If Parliament is broken, say experts, then we need better voters and representatives to rebuild it.
Canada’s 40th Parliament dissolved last March after two prorogations, dozens of unfinished bills and hundreds of hours of acrimonious debate. Just nine per cent of Canadians now pay close attention to the House of Commons, according to a fall 2010 poll by Nanos Research, with almost half ignoring it altogether.
“Today Canadians are tuned-out, turned-off and skeptical of the effectiveness of the House of Commons,” writes Nik Nanos of Nanos Research. Voters are dissatisfied with their government, he concludes, and would support changes to improve it.
Raucous debates aren’t a new trend in the house, say experts, but neither are minorities. Lester Pearson passed many laws to create medicare, the Canada Pension Plan and the national flag despite vicious Parliamentary duels between the parties in his minority government.
So what’s changed? And how do we get Canadians interested again in their government?
Political consultant and former national director of the NDP Robin Sears, writing in Policy Options, traces the problem back to Brian Mulroney’s landslide victory of 1984.
After 1984, parties turned to more vicious personal attacks to regain ground, taking hard-line stances to secure their base of support both inside and outside their parties. “Nothing secures your position and the tribe’s loyalty than an enemy’s head on a stake,” Sears writes. There was plenty of rage in the house in Pearson’s time, he notes, but MPs also had working relationships with each other and could co-operate on issues.
Politics has become professionalized, says Paul Thomas, the retired Duff Roblin Professor of Government at the University of Manitoba, dominated by consultants and pollsters. “These people are paid to win, and it becomes all about winning.”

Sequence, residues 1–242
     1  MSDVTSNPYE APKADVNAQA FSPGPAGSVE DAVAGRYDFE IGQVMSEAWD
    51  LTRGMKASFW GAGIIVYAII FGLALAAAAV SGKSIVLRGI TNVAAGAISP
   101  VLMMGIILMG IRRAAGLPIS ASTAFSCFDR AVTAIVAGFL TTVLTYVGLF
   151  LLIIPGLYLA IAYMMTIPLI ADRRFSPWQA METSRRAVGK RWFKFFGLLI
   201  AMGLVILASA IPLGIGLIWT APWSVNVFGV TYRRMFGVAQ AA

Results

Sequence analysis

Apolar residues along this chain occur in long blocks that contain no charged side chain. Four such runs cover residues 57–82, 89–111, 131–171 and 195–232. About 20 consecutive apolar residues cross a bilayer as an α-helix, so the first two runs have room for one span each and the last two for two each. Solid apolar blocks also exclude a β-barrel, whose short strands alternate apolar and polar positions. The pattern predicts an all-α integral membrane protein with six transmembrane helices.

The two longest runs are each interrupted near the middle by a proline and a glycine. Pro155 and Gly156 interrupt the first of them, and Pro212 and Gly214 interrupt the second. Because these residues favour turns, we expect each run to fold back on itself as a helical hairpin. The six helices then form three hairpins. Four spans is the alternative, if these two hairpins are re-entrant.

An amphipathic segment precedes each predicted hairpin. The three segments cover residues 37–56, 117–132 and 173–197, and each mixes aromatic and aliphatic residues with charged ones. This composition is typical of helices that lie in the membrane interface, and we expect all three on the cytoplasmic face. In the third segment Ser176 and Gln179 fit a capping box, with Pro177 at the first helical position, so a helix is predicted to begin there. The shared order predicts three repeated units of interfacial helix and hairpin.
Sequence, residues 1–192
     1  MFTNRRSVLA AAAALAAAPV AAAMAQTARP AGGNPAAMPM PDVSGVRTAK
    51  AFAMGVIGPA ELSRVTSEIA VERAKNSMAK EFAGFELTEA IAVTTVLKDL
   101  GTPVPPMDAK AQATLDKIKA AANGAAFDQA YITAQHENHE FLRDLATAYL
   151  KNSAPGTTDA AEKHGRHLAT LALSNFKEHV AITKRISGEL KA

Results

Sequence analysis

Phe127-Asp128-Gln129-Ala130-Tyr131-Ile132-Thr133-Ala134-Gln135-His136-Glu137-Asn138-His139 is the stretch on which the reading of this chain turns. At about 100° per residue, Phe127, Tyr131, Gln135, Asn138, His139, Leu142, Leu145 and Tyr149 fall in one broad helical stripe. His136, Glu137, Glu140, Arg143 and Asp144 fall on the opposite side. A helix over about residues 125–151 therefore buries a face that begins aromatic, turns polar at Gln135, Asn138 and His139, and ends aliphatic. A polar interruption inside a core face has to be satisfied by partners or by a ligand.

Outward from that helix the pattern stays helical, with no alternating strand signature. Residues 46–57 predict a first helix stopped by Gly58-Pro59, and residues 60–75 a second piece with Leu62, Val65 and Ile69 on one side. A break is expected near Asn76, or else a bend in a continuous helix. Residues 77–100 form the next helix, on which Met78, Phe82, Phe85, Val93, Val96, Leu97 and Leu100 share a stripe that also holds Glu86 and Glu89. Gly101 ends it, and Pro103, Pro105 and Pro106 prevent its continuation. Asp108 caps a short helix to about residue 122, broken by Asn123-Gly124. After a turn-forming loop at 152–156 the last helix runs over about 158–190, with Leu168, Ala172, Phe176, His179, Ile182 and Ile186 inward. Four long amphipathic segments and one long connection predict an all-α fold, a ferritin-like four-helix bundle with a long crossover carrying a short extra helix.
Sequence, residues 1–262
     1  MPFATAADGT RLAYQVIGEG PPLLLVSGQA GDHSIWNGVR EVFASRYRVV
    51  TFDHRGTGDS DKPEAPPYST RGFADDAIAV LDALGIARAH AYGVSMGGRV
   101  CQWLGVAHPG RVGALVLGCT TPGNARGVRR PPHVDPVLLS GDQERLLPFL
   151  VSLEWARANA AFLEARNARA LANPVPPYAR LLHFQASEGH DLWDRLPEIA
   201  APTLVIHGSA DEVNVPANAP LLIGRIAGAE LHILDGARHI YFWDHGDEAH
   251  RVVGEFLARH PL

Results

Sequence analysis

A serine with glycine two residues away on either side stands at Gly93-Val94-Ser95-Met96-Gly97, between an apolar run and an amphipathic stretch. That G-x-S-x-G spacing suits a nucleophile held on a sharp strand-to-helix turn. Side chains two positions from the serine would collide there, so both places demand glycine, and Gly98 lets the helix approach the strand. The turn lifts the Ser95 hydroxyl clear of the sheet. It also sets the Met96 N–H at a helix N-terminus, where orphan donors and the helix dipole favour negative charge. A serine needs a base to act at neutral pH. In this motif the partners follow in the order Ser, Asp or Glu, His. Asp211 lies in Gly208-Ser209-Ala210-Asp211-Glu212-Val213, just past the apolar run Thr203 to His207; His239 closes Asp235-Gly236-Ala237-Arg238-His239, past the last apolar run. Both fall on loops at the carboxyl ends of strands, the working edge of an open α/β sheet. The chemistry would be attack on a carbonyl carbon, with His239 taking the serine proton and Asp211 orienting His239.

The prime minister sets the tone of Parliament, he continues, and Stephen Harper created a tone of war. He criticized Harper for proroguing Parliament to avoid confidence votes, interfering with the public service and running attack ads outside of an election.
Thomas says he’s personally disgusted by the partisanship that has resulted. “The public is deeply turned off by this,” he says, and has stayed away from the polls as a result.
But voters aren’t blameless, notes John Williams, former Conservative MP for St. Albert and current CEO of the Global Organization of Parliamentarians Against Corruption (GOPAC). Canada’s pretty peaceful, he says, and we’ve started taking our democracy for granted. “We just assume the democratic process will keep everything on the straight and narrow.”
There’s a reason why Canada doesn’t have a Musharraf or a Gadhafi, Williams says. “Peace and prosperity depends on democracy,” he says, and democracy depends on voters.
All four national parties have proposed measures to restore voter interest and make Parliament more functional. The Liberals have proposed online ballots and Question Periods, for example — both good ideas, Williams says. “These new modern electronic ways are getting young people engaged, and this is great.”
The NDP and Greens have both called for changes to the electoral system. One of the more frequent ideas is proportional representation, where parties get seats based on their proportion of the vote.
Terrible idea, says Williams. “The problem is that you don’t have an MP you can hold accountable,” he says, as you vote for a party rather than a specific candidate. Our current first-past-the-post system is also problematic, as anyone who doesn’t vote for the winner in a riding does not contribute to a party’s overall total. He favoured a move to a preferential ballot (where voters rank candidates based on preference) or a runoff system (where the top two candidates hold a runoff vote) instead.
“I lament that we spend so little time in school on how important democracy is,” Williams says, a fact he says has led to our low voter turnout. He and Thomas both called for more emphasis in schools on the importance of democracy and the operation of Parliament.
MPs also need more training on how to do their jobs. MPs have tremendous power in the government, Williams says, but few realize it. “Governments have the authority to govern, but that governance is subject to oversight and approval by Parliament,” Williams says. “That’s the fundamental rule by which we govern.”
Thomas called for the creation of a national school of politics to train MPs on the issues and workings of Parliament. Williams runs similar training sessions for new MPs through GOPAC.
There are many other ideas out there — stronger committees, themed debates and a revised Question Period, for example — but none of them will happen unless MPs and voters demand them. “What it will really take is a new group of backbenchers who want to go to Ottawa and make a contribution,” Thomas says.